A worldwide crackdown on the hacker group known as Anonymous touched down in the McKibbin Lofts in East Williamsburg early on Tuesday — but the target of the FBI raid there had already flown the coop, residents and authorities said.
The blitz was part of a counterattack against the elusive global hacker collective that has allegedly coordinated large-scale attacks on corporate and government websites, including PayPal, MasterCard and Visa. Authorities arrested 16 alleged hackers across the globe and also searched buildings in Long Island.
But they were late to the party in Williamsburg.
“They were looking for the old tenants,” said Meaghan Ralph, 21, who had just moved into the sprawling artist colony two weeks before and had only gotten three hours of sleep when a half-dozen armed agents pounded her door.
“They were trying to be nice when they realized I wasn’t a criminal mastermind.”
An FBI spokesman confirmed that agents came to 255 McKibbin St. to search the apartment.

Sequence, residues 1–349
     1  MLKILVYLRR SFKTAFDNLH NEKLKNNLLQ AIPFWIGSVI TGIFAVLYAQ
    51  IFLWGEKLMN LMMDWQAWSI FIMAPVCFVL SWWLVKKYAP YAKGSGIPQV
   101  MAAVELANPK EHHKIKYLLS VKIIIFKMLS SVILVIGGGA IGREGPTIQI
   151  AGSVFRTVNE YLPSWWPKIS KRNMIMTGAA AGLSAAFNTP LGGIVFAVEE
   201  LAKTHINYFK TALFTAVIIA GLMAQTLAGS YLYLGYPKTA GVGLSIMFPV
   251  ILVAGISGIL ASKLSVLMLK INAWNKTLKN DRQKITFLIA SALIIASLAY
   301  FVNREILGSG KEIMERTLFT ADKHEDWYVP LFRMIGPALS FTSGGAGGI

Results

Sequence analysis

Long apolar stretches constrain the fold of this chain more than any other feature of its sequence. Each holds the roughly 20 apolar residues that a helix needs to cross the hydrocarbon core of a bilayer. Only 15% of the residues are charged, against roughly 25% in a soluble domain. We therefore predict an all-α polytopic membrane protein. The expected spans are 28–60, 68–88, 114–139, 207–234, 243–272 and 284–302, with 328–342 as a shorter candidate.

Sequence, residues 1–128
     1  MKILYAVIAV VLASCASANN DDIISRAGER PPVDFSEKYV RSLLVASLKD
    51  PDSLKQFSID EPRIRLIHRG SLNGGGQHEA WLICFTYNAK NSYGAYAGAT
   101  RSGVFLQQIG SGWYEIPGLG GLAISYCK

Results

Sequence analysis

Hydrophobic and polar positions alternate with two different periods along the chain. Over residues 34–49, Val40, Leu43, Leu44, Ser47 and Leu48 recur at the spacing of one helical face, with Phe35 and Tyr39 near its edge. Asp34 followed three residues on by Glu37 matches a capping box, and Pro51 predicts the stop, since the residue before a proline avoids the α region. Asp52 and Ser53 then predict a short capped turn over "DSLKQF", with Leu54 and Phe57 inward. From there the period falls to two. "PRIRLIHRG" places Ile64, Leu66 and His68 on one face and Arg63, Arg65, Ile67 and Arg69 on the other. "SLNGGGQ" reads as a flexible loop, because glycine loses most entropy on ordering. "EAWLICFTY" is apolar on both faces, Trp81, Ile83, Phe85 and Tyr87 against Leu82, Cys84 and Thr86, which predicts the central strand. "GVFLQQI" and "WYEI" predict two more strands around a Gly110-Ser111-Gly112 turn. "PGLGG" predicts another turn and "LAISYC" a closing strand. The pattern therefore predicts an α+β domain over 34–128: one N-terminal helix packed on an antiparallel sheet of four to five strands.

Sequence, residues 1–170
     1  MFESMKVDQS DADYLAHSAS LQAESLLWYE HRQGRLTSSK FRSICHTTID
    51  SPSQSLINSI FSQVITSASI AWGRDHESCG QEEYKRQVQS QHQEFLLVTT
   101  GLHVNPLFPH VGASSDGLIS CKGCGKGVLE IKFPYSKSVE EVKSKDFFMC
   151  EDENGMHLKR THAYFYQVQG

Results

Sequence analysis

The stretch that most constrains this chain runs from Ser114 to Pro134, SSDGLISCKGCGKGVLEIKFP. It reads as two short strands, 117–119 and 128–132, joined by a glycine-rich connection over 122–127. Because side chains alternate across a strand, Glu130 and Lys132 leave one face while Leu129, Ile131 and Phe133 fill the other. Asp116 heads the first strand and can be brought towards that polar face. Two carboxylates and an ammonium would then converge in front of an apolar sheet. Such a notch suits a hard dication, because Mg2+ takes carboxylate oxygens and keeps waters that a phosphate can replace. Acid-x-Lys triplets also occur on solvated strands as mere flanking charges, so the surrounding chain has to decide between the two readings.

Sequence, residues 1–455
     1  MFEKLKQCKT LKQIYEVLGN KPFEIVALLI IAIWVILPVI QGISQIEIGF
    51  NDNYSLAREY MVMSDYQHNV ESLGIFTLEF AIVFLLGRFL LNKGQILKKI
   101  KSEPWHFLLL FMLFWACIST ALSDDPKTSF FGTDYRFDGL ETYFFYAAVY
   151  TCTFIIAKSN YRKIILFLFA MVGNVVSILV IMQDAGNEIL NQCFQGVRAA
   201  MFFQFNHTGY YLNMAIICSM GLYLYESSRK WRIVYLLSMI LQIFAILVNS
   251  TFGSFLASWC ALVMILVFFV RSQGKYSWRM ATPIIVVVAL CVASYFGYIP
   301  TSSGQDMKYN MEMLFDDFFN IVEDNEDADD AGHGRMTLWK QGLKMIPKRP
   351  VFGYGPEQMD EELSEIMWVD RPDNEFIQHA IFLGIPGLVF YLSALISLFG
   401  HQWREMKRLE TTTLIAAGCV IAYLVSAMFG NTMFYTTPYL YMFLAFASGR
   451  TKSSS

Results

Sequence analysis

“Given the transient nature of the occupants, once they saw they were no longer there, [the agents] they made the assessment that they don’t have the need or probable cause to continue the search,” said FBI spokesman Jim Margolin.
It was unclear what role the previous tenants had in the global hacker conspiracy, or whether the feds are still searching for them.
“They cracked jokes about how the whole building smelled like weed and that they were going to get a contact high,” said Ralph. “They said we had a really cool apartment and that they would want to live there if they were 22 or 23.”
It’s not the first time the authorities have chilled at the McKibbin Lofts — and it’s unlikely to be the last.
Two months ago, police swept through the buildings after armed robbers mugged tenants in their living rooms three times over the span of a week.
And city inspectors have responded to several calls in the past two years over illegal construction work and tenement-like living conditions.
— with Aaron Short